A number of Australian older persons' peak bodies and advocacy groups are putting the spotlight on elder abuse through a few different campaigns and events.
Elder Abuse is an act towards an older person that will cause harm and is carried out by someone they know, like a family member or friend. Abuse that falls under elder abuse includes physical, social, financial, psychological, sexual, mistreatment, and neglect.
Seniors Rights Victoria is urging all Victorians to accept that 'Elder abuse is everybody's business'. The advocacy and information service encourages people to hold a Stir a Cuppa for Seniors event in their local community, which aims to bring Victorians together to talk about elder abuse. A range of local events, including seminars and special morning teas, are listed on the Senior Rights Website.
Manager at Seniors Rights Victoria, Rebecca Edwards, says that these events are pivotal to unpacking the difficult topic with older Victorians.
"Conversations tend to start organically and robustly around a cuppa and we want to nurture that notion when it comes to the issues around elder abuse," explains Ms Edwards.
Kay Patterson, the Age Discrimination Commissioner at the Australian Human Rights Commission, launched a special campaign for WEAAD called 'Inheritance: Not an entitlement' with the Respecting Seniors Network which focuses on ageism as a driver for elder abuse.
"Elder abuse can start with 'benevolent ageism'; where attitudes tip the scales towards protection and away from respect for an older person's independence and autonomy. When taken to an extreme, these attitudes can result in elder abuse, leading to real harm to the older person," explains Commissioner Patterson.
"Ageism undermines the human rights of older Australians and is an obstacle to achieving a fair and equal society which respects and recognises the inherent rights of everyone.
"This idea of counteracting ageism and promoting respect for seniors similarly drives the work of the Respecting Seniors Network and is a key part of their strategy for preventing elder abuse in the community."
The campaign includes seven short film clips, exploring the issue of inheritance impatience or entitlement that often leads to financial elder abuse.
It aims to increase understanding of financial abuse, one of the most common forms of elder abuse, and the issue of inheritance impatience and entitlement as well as increase awareness of elder abuse as a form of family violence.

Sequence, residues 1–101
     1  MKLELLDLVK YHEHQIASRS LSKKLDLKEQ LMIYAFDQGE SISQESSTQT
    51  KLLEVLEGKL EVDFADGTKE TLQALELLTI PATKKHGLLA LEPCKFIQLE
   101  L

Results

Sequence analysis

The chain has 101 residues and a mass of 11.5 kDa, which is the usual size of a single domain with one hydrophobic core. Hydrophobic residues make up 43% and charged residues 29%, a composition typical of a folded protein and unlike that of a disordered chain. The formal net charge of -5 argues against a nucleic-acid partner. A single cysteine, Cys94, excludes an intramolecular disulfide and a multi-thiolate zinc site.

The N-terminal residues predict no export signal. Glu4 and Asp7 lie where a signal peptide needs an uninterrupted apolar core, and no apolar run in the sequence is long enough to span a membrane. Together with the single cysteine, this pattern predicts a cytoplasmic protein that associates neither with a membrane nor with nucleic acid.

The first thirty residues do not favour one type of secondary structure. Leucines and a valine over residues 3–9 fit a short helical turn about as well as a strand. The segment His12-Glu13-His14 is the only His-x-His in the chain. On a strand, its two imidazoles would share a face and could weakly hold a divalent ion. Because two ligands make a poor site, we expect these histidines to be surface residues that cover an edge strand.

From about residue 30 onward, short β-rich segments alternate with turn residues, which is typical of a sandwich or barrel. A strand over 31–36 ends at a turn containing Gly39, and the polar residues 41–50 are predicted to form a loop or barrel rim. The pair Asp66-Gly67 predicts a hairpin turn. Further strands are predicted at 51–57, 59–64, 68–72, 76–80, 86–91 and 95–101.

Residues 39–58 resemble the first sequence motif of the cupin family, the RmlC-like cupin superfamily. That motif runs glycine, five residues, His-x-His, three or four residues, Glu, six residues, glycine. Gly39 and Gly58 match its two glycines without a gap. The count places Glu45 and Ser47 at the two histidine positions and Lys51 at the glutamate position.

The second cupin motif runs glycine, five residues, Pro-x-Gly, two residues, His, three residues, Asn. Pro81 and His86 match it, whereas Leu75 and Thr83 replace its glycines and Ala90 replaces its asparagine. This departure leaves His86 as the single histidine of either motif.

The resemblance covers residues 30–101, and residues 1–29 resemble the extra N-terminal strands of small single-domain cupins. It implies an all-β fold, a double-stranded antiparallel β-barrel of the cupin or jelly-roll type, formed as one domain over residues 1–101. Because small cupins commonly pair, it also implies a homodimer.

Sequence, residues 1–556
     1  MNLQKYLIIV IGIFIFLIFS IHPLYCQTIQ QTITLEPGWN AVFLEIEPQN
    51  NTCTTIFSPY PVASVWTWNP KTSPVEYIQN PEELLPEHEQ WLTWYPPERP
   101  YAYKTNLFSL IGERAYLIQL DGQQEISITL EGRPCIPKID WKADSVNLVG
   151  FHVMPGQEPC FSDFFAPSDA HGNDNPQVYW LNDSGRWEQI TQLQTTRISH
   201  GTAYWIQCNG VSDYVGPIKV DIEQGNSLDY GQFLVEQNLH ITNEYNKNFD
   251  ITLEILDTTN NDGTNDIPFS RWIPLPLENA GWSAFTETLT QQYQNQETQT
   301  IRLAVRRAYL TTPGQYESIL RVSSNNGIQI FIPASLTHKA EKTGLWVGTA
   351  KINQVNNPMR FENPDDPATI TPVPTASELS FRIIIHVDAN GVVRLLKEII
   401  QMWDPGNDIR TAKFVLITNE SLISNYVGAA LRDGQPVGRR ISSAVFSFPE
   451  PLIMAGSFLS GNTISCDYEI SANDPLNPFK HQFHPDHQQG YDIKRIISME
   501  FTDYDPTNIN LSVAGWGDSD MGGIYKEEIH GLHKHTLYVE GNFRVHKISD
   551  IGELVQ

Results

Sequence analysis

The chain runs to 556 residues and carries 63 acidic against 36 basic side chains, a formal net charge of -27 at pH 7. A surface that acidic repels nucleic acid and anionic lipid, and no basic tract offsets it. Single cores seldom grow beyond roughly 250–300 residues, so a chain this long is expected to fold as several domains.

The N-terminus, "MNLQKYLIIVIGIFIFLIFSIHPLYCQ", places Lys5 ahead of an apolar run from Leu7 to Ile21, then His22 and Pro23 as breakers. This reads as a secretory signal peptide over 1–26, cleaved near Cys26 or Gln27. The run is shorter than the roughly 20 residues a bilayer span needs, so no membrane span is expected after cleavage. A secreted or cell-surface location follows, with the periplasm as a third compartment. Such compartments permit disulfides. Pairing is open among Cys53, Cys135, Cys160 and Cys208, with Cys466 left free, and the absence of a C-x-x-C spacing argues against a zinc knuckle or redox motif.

You can view the film campaign by the Respecting Seniors Network here.
Law firm Maurice Blackburn has used WEAAD as an opportunity to call for the creation of a national register for Powers Of Attorneys (POAs) to help protect older Australians against elder abuse.
While the law firm thinks a register is important, Principal of Wills and Estates Practice at Maurice Blackburn, Andrew Simpson, says that a register alone won't prevent all abuse associated with POAs, and that there needs to be broader law reform to protect the elderly.
"If you lose capacity, the person who holds your Power Of Attorney will have complete control over all decisions relating to you and your affairs," says Mr Simpson.
"By their very nature, a Power Of Attorney bestows enormous power on the attorney, and unfortunately this power is sometimes abused."
Currently, the Federal Attorney-General's Department is undertaking public consultations until 30 June on designing a mandatory national POA registration scheme.
Mr Simpson adds that improving the current POA system is necessary considering the growing ageing population in Australia.
"People are living longer and dementia is now the second biggest cause of death in Australia behind heart disease," explains Mr Simpson.
"This means the need for substitute decision makers will become increasingly important in the coming years as the baby boomers age and decline."
Mr Simpson says that the increased transparency that comes from a national register will act as a deterrent to many potential abusers.
Dementia Australia is also calling for Australians to do their part to stop elder abuse by encouraging all to understand and recognise the different forms that elder abuse comes in, and to be on alert for vulnerable older people, including people living with dementia.
Chief Executive Officer of Dementia Australia, Maree McCabe AM, says that elder abuse is a serious issue and people need to make sure their older loved ones with dementia are safe.
"People living with dementia are at increased risk of elder abuse because they are a vulnerable population group," says Ms McCabe.
"With the prevalence of dementia rising exponentially, the risk of being impacted by elder abuse is an increasing concern. It is critical that effective safeguards are in place, across all States and Territories, to protect people living with dementia from elder abuse.
"Often older people living with dementia, as with others who are abused, will not necessarily tell people what is happening and for some, cognitive decline can impair their ability to not only raise the issue but also to recall the details of what happened. On occasions when issues or complaints are raised by a person living with dementia, they are not taken seriously because of their dementia."
Ms McCabe adds that there is an obligation for all levels of Government, the disability, health and aged care sectors, and their workforce, to ensure people living with dementia are protected and treated with the same dignity, respect and rights as everyone else.
If you notice or suspect an older person has become a victim of elder abuse, contact the Elder Abuse Prevention Phone Line on 1800 353 374 to access the right service in your State or Territory.